As designed by Iñárritu, Birdman, or (The Unexpected Virtue of Ignorance), looks as if the entire film was shot in a single take. While this isn’t the case (special effects were utilized to achieve what appeared to be a seamless flow), the director did subject his cast and crew to a series of very long takes, during which the camera roams freely around the playhouse, following one character after another as they prepare for the show's upcoming debut. Aside from giving the movie a “real-time” vibe, this method also enhanced the various performances, introducing a level of tension that served the story perfectly (a flubbed line or miscue by any actor meant an entire scene, some of which stretch for minutes on-end, would have to be re-shot). The supporting cast is extraordinary; Edward Norton delivers what I consider to be one of his best performances as the egotistical Mike, an actor willing to give everything he’s got to achieve realism on the stage (while performing a bedroom scene, Mike suggests that he and Lesley actually have sex, which leads to one of the film’s funniest visual gags). Also excellent is Emma Stone, taking what could’ve been a cliché character (the troubled daughter angry with her absentee father) and bringing her convincingly to life.

As for the lead, Michael Keaton is near flawless as Riggan, a man pushed to his limits as he tries to salvage what’s left of his dignity. The parallels with the actor’s own past are hard to ignore (Keaton played the title character in Batman and Batman Returns, only to struggle after hanging the cape up), and I’m sure this worked to his advantage, but the depths he takes this character to (Riggan’s conversations with the Birdman are troubling, to say the least), coupled with his confidence in some of the picture’s lighter moments (like the scene where Riggan is locked out of the theater during a preview performance, forcing him to dart through the crowded streets in his underwear), show that Keaton dug considerably deeper for the role, relying on more than real-life experience to give his character the intensity needed to carry the film on his shoulders.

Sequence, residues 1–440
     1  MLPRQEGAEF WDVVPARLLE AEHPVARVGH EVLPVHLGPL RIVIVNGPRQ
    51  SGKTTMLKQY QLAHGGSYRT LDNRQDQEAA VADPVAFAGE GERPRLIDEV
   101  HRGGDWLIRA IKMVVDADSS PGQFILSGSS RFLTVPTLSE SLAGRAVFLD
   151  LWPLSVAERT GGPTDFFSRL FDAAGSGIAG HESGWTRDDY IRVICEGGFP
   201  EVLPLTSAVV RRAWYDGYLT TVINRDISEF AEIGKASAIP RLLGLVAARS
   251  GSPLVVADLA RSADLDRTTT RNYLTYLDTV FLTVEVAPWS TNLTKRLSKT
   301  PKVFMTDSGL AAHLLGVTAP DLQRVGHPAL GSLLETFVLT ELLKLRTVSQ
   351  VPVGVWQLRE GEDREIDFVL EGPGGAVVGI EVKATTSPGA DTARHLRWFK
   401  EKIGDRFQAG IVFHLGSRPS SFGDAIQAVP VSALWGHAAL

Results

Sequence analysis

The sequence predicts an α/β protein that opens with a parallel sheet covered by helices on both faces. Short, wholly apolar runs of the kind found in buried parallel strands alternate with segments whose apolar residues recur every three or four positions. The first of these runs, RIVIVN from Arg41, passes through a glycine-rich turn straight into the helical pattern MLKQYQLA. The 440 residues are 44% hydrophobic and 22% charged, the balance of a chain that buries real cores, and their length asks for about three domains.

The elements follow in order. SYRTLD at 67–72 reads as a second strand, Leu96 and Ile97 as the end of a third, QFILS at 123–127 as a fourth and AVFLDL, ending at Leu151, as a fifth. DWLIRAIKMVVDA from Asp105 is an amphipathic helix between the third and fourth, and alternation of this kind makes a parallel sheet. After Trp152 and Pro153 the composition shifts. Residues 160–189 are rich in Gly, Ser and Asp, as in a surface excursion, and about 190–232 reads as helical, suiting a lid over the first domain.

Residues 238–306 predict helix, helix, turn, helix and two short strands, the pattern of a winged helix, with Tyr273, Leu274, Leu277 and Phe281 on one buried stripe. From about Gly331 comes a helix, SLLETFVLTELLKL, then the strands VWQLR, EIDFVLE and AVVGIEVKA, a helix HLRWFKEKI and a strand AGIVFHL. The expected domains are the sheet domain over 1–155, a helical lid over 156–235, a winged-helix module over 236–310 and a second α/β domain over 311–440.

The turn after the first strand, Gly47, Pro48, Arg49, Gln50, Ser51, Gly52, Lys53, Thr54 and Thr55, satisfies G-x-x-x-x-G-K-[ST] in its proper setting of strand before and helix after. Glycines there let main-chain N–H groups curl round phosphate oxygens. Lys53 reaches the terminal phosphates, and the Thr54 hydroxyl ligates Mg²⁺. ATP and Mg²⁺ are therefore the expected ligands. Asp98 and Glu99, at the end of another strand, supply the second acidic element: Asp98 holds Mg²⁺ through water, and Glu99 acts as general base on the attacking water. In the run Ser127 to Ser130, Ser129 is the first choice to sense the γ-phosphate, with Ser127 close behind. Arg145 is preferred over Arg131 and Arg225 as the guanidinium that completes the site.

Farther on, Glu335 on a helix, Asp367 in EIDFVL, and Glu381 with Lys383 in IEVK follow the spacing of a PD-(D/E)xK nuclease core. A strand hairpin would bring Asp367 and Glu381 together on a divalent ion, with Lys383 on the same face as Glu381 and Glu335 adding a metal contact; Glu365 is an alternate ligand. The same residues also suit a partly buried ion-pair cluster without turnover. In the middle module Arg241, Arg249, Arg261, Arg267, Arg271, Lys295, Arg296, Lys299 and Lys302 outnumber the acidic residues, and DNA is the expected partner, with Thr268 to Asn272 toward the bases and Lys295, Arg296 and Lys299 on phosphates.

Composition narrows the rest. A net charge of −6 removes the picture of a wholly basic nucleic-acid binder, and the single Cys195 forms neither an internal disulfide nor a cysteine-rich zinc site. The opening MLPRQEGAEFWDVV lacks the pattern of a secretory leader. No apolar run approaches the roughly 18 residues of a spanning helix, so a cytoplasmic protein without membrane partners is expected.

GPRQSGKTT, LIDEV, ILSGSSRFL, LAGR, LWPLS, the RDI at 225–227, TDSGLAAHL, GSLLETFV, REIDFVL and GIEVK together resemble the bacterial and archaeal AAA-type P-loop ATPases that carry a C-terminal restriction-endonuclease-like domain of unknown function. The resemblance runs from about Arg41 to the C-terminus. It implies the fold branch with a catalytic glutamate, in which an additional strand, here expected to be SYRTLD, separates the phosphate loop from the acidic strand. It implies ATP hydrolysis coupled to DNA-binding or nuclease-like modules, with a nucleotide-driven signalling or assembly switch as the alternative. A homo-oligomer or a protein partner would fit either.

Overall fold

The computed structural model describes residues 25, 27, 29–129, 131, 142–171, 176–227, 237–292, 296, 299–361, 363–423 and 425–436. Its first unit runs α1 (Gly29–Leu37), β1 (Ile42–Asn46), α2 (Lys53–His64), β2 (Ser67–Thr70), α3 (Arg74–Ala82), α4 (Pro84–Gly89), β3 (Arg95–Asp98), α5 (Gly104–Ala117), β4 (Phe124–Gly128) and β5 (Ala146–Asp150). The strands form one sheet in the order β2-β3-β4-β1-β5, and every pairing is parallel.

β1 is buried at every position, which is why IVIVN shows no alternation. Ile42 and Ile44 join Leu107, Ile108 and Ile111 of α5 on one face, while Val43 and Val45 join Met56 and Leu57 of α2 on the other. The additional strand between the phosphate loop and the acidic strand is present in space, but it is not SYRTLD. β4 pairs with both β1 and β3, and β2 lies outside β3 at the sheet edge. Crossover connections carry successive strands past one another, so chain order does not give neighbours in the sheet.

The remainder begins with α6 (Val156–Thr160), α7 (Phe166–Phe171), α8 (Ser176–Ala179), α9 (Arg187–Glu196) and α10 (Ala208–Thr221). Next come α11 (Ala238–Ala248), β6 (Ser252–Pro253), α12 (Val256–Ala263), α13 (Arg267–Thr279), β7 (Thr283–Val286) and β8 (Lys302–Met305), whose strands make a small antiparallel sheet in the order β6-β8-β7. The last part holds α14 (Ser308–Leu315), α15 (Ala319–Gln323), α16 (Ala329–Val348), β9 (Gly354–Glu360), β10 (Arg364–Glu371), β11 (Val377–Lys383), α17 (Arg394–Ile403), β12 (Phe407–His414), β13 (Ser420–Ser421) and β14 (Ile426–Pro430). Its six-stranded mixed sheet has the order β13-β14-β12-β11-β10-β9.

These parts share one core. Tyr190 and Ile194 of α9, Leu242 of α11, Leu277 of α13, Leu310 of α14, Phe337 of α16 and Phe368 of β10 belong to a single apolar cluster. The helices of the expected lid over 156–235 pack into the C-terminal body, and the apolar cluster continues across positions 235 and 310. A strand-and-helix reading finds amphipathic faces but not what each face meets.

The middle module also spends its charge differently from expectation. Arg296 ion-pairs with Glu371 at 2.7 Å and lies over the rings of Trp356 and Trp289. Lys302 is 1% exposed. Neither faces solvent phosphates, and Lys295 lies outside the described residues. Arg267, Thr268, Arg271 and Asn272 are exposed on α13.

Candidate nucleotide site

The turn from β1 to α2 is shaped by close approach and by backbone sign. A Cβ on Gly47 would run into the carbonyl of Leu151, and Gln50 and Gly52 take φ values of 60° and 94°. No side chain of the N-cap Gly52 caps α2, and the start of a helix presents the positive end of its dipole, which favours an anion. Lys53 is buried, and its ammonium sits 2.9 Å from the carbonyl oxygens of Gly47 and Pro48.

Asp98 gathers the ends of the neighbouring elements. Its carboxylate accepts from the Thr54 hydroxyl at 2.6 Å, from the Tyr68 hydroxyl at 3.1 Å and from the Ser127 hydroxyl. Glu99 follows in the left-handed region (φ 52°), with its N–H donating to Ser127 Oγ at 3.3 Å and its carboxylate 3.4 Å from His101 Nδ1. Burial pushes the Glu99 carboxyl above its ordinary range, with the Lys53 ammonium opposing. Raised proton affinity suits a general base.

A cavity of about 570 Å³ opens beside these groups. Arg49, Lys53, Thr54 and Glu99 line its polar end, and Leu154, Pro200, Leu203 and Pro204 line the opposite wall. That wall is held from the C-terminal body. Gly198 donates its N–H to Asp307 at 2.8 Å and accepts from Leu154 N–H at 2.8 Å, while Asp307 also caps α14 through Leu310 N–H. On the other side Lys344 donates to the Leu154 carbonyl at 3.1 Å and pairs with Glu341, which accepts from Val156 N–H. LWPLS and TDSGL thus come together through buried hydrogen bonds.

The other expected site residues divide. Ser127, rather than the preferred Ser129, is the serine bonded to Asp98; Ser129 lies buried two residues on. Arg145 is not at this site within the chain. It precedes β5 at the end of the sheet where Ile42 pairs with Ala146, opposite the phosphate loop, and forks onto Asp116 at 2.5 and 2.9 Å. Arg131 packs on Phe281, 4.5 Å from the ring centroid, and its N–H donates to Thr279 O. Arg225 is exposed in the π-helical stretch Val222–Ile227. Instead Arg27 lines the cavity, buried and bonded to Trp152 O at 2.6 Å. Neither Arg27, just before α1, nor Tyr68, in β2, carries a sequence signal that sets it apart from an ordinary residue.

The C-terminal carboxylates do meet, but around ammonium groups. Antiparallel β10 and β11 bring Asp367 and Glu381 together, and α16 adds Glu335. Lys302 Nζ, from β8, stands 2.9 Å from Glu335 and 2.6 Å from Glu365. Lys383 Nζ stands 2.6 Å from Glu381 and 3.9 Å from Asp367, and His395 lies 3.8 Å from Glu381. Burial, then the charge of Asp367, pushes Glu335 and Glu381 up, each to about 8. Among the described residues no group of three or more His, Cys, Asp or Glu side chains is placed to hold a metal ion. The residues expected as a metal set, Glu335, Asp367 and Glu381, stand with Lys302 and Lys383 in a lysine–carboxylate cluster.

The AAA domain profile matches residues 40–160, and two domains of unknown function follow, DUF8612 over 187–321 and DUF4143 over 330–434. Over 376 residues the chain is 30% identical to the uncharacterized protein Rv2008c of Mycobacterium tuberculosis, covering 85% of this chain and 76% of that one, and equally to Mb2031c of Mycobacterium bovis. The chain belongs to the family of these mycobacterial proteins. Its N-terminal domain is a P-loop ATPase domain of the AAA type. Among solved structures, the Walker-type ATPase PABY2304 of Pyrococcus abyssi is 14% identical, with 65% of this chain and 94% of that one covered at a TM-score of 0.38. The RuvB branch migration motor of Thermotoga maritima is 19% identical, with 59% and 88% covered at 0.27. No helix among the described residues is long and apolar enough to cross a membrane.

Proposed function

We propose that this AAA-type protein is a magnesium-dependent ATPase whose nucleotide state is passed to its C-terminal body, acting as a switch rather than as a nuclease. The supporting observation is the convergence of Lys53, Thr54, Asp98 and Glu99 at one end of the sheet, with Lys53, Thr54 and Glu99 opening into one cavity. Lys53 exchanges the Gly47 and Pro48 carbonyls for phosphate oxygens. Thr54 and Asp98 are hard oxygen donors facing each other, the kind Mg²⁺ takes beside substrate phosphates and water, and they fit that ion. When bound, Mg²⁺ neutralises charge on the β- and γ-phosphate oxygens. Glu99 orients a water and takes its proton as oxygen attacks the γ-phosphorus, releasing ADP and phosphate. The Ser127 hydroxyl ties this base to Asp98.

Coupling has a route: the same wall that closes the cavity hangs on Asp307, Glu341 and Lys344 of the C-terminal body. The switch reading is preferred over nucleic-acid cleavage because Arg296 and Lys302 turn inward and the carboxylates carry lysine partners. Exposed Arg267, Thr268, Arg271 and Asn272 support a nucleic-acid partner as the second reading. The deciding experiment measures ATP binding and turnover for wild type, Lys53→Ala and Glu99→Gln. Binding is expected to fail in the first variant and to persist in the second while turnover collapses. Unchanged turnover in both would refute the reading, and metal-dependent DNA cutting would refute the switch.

There are some strong contenders in this year’s crop of Academy Award nominees, with a number of films poised to compete with Birdman for Oscar’s highest honors; if I were a betting man, I’d lay money that Eddie Redmayne, who played Stephen Hawking in The Theory of Everything, will beat out Keaton for Best Actor, while J.K. Simmons, so good in Whiplash, will trump Norton’s bid in the Supporting Actor category. And I’ll be shocked if Linklater’s Boyhood doesn’t capture the top prize as the year’s Best Picture. But regardless of whether or not it’s a big winner at this Sunday’s Oscar ceremony (Iñárritu could walk away with Best Director, and either this movie or The Grand Budapest Hotel will win for original screenplay), Birdman is a remarkable achievement, one I believe will stand the test the time.

Years from now, people will still be talking about Birdman, and I won’t be the least bit surprised if it shows up on a few “Best of the Decade” lists in 2019. It truly is that good.







Friday, February 20, 2015

#1,649. The Grand Budapest Hotel (2014)


Directed By: Wes Anderson

Starring: Ralph Fiennes, F. Murray Abraham, Mathieu Amalric




Trivia: Jeff Goldblum plays Vilmos Kovacs, a tribute to cinematographers László Kovács and Vilmos Zsigmond








Moments after Wes Anderson’s The Grand Budapest Hotel was over, I wanted to see it again. Chock full of style and humor, it’s a movie that practically demands multiple viewings, and is so entertaining that you don’t mind watching it more than once.